- The Syllabus Template (.docx file updated October 5, 2022) provides a guide for developing an effective and learner-centered syllabus and outlines the required elements and policy statements for the USI course syllabus.
- Fall and Summer 2022 changes include updates to links, Title IX and Affirmative Action contact information, and Covid safety and adding Proctorio guidance.
- The template highlights the recent changes and includes comments with guidance and links to more information.
- Detailed University Syllabus Statements are included within the Syllabus Template and available on the Provost's Office website.
- Guidance for Faculty for Fall 2021 from the Provost's Office is available.
Resources for Developing the Syllabus
Designing an Effective Syllabus
- Creating the Foundation for a Warm Classroom Climate. Harnish, R.J. et al. (2011). Association for Psychological Science Observer.
This teaching tip article provides examples of transforming syllabus statements into warm and inviting communication with your students.
- The Syllabus from a Student Perspective. Gannon, K. (2019).
This checklist guides the specific information that answers questions relevant to your students. Consider presenting some of this content as a FAQ or Q&A.
- How to Create a Syllabus. Gannon, K. (2019). The Chronicle of Higher Education.
This 3-part series and interactive guide take a faculty perspective on developing our course syllabus while considering how to make the syllabus an entry point and invitation to the course for our students.
- Syllabus Review Guide. Student Experience Project.
A step-by-step guide for using syllabus development or revision as a tool for creating a course that promotes equity, belonging, and growth for all students.
- A Learner-Centered Syllabus Helps Set the Tone for Learning. Bart, M. (2015). Faculty Focus.
This highlights features of a learner-centered syllabus and provides prompts to incorporate them.
- Seven Ways to Make Your Syllabus More Relevant. Moore, C. (2019). Faculty Focus.
This offers design elements to help students relate to the syllabus content, prepare them for the course, and focus on the learning goals ahead. Bonus: Example of a warm welcome statement to students.
- Tips Round-up: Syllabi. Bayraktar, B. (2022).
Resources for creating an engaging and student-centered syllabus.
Constructing a Learner-Centered Syllabus: One Professor's Journey. Richmond, A. (2016). IDEA Center Paper #60.This paper provides examples of learner-centered components and a self-assessment.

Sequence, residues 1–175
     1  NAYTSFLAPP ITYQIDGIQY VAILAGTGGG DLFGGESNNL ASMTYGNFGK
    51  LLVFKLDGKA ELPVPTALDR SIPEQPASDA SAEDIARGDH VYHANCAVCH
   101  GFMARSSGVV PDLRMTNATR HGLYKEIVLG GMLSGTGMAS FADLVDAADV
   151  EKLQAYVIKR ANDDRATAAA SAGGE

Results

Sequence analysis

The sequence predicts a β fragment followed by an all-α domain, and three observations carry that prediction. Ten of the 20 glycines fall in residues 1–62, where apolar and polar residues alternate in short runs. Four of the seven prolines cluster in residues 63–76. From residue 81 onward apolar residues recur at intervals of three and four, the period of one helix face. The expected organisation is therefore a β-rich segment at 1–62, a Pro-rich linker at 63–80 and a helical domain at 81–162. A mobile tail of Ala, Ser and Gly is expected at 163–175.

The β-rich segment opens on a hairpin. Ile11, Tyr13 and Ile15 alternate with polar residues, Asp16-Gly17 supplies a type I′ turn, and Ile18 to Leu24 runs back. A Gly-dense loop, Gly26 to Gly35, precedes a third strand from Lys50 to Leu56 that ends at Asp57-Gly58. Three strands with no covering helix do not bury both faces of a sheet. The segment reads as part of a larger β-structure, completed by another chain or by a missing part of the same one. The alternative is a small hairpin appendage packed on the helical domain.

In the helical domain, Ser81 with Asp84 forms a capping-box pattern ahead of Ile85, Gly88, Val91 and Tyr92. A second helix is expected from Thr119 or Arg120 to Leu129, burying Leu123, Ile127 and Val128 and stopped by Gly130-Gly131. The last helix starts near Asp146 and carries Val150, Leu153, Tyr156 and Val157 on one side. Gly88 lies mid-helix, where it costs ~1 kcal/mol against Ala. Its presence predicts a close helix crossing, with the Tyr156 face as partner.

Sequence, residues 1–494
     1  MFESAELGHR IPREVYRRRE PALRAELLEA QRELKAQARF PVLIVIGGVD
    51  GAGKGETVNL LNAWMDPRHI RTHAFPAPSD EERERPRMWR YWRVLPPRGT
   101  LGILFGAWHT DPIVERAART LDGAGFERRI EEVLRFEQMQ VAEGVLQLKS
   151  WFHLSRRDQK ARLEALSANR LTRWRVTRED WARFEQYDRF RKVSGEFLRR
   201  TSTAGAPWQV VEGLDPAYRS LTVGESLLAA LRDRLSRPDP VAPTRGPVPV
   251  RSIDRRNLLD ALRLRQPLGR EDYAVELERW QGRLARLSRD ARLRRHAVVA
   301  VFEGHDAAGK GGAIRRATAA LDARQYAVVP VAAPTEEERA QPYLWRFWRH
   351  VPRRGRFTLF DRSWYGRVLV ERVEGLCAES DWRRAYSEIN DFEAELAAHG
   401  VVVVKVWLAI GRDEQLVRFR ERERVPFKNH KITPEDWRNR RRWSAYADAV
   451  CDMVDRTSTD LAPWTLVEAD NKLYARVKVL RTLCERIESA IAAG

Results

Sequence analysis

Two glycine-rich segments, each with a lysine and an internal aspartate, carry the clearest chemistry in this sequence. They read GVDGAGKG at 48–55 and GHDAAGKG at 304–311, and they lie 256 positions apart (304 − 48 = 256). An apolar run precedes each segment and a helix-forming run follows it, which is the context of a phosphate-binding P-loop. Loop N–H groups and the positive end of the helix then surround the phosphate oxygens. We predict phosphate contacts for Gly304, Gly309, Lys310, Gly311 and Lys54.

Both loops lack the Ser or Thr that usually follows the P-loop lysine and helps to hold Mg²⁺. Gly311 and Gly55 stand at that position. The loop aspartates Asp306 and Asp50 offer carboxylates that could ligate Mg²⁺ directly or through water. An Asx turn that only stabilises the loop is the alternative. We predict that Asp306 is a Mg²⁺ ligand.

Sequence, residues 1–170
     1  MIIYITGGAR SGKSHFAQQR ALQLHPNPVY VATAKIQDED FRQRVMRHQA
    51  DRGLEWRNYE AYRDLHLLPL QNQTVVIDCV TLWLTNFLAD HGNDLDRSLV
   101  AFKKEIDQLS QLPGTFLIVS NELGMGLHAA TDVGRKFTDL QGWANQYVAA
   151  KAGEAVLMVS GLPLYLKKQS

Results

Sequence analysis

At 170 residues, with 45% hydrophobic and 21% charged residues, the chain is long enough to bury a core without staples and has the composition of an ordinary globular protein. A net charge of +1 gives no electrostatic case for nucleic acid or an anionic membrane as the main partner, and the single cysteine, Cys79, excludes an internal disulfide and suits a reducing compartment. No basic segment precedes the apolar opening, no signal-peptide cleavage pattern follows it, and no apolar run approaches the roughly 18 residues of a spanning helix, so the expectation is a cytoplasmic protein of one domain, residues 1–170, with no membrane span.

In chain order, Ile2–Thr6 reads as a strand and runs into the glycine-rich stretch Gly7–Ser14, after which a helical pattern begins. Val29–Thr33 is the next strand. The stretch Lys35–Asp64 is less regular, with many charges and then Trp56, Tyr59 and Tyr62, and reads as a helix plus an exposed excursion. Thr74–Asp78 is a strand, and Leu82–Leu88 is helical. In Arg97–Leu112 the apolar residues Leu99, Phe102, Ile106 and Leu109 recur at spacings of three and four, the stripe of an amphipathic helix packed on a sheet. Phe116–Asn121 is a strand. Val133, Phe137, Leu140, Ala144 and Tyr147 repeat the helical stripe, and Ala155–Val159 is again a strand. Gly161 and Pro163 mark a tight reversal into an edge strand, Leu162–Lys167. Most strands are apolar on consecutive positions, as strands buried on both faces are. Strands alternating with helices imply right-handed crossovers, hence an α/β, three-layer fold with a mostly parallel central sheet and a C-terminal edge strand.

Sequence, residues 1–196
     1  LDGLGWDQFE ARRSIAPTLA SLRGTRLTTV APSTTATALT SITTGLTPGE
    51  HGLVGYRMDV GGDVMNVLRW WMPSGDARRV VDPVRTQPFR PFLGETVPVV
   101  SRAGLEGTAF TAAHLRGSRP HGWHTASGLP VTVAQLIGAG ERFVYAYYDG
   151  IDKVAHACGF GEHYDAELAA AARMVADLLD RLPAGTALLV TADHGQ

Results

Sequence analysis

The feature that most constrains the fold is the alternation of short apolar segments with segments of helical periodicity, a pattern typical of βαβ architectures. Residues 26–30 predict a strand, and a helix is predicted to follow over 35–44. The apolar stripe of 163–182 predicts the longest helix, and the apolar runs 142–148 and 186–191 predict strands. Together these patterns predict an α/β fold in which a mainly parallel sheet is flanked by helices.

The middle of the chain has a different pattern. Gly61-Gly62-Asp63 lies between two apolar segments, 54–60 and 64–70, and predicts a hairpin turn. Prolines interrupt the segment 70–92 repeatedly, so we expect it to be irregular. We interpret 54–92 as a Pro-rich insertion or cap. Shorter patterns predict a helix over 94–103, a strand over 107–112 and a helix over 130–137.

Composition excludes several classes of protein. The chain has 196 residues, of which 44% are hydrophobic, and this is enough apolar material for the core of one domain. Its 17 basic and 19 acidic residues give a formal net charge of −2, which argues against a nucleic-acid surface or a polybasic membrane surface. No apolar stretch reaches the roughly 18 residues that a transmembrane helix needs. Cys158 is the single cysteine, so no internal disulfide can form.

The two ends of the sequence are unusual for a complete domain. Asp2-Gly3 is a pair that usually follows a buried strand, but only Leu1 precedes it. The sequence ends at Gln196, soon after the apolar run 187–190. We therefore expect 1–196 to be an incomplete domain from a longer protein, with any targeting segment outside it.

- The 3 Essential Functions of Your Syllabus, Part 2. Lang, J. (2015).The Chronicle of Higher Education.
This article offers strategies to help ensure that students read and become familiar with the syllabus.
- Tip: Creative Syllabi. Bayraktar, B. (2020).
Suggestions for visually communicating your syllabus components.
Developing Course Objectives and Student Learning Outcomes
- Course Objectives & Learning Outcomes. DePaul University Teaching Commons.
This webpage guides you through writing outcomes and provides helpful examples.
- Writing Learning Intended Outcomes. Yale Poorvu Center for Teaching and Learning.
This provides guidance and examples on writing course learning outcomes.
- Tip: Writing Learning Outcomes. Bayraktar, B. (2021).
Simple explanations and tips on writing outcomes: "What do students need to know and be able to do at the end of the course?" This is part of a Backward Design series.
- Revised Bloom’s Taxonomy. Iowa State University Center for Excellence in Learning and Teaching.
This is a helpful guide with examples of using Bloom’s taxonomy.
- Graphic display of student learning objectives. Hara, B. (2010). ProfHacker.
This gives an example of an alternative way to communicate key elements of our course.
Considering Accessibility and Inclusion
- Accessible Syllabus
Tips to build a syllabus that plans for diverse student abilities and to promote student engagement and agency.
- Inclusion By Design: Survey Your Syllabus and Course Design - A Worksheet. Brantmeier, E., Broscheid, A., & Moore, C.S. (2017).
This tool helps you examine the tone and design of your course from an inclusion perspective.
- Inclusive Syllabus Language. University of Michigan (2017).
This webpage provides sample language to communicate expectations to students in an inclusive manner.
- UDL Syllabus. UDL On Campus, CAST.
This webpage offers guidance for developing the syllabus elements while considering University Design for Learning (UDL).
- Creating Accessible Documents. University of Washington.
This website offers helpful tips for creating accessible documents from common applications.
- Course Workload Estimator. Rice University
This tool estimates a student's out of class hours/week based on the planned reading, assignments, and assessments.